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Corrections: The Fundamental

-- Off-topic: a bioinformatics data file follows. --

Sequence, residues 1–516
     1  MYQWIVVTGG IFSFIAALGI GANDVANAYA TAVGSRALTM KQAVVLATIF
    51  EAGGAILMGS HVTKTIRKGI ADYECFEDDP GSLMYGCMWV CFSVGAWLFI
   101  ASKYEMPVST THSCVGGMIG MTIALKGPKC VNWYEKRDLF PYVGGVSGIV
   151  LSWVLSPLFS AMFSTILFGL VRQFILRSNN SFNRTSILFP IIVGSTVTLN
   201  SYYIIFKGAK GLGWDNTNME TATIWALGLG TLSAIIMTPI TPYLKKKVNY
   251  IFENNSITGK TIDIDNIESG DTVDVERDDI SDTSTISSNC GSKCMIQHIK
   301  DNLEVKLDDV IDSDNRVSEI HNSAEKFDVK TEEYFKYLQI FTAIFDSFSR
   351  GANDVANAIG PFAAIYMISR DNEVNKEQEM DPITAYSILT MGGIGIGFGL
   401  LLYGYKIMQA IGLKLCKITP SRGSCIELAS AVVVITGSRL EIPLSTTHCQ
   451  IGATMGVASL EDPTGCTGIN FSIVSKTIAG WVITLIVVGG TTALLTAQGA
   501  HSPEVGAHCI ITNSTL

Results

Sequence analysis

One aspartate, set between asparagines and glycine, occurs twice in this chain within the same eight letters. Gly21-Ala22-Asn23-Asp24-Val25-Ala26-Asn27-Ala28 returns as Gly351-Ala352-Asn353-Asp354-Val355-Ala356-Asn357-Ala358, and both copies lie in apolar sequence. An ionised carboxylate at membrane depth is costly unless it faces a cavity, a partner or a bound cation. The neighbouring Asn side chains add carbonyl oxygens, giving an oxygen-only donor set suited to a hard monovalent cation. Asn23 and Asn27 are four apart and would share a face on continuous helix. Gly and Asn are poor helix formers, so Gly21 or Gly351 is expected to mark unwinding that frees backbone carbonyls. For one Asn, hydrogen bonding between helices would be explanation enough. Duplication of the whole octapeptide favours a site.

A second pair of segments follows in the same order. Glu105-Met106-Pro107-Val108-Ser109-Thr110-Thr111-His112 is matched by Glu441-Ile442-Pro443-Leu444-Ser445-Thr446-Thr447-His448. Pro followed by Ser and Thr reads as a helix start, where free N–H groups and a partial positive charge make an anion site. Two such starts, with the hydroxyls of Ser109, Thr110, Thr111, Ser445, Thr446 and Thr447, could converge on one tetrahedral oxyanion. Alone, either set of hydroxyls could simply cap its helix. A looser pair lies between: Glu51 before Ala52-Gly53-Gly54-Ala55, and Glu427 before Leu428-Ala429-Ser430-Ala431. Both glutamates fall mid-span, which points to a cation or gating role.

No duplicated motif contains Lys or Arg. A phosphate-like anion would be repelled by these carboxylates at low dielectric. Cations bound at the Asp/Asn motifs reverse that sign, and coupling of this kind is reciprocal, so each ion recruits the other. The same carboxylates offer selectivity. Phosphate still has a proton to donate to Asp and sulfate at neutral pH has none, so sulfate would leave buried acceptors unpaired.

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Many different facets compose the makeup of a prison community. One of the main components of the prison culture is the correctional officer. The individuals that are responsible for the security at correctional facilities such as a prison are better known as CO’s or correctional officers. Typically, the higher the security levels of the prison, the lower the ratio of inmates to correctional officers. “State averages of inmates to COs range from about 3.5 to 1 up to 8 to 1 (with national averages of 5.4 to 1 in 2000), but these numbers have to be taken with a grain of salt” (Foster, 2006, p.164). With the aforementioned disparity with the number of COs to inmates naturally safety concerns arise when it comes to keeping both COs and inmates working and living in a safe environment. The number of individuals that are incarcerated in the United States on a daily basis has surpassed 2.2 million (Gibbons & Katzenbach, 2011). Annually, 13.5 million people at some point and time spend time in prison or jail with approximately 95 percent of them ultimately returning to society (Gibbons et al., 2011). Taking the aforementioned statement into considerations the author believes that it is safe to say that what goes on behind prison walls effects all members of society. When correctional facilities are unsafe, unhealthy, unproductive, or inhumane it affects both the people who work in them as well as the people that are living there at some point and time. Unfortunately, the majority of prisons house more inmates than they can manage safely and effectively, which creates an environment of disorder and tension and often times results in violent episodes. Down time in prisons for inmates is one of the most dangerous scenarios po... ... middle of paper ... ... References Works Cited Foster, B. (2006). Corrections: The fundamentals. Upper Saddle River, NJ: Prentice Hall. Gibbons, J.J., & Katzenbach, N.D.B. (2011). Confronting confinement: A report of the commission of safety and abuse in america’s prisons. Federal Sentencing Reporter, 24(1), 36-41. McClellan, D.S. (2002). Coming to the aid of women in U.S. prisons. Monthly Review, 54(2), 33-44. Pyrooz, D.C., Decker, S.H., & Fleisher, M. (2011). From the street to the prison, from the prison to the street: Understanding and responding to prison gangs. Journal of Aggression, Conflict and Peace Research, 3(1), 12-24. Seiter, R. P. (2008). Corrections: An introduction, (2nd ed.). Upper Saddle River, NJ: Prentice Hall. Wooldredge, J., PhD., & Seiter, B., PhD. (2013). Violent victimization among state prison inmates. Violence and Victims, 28(3), 531-51.
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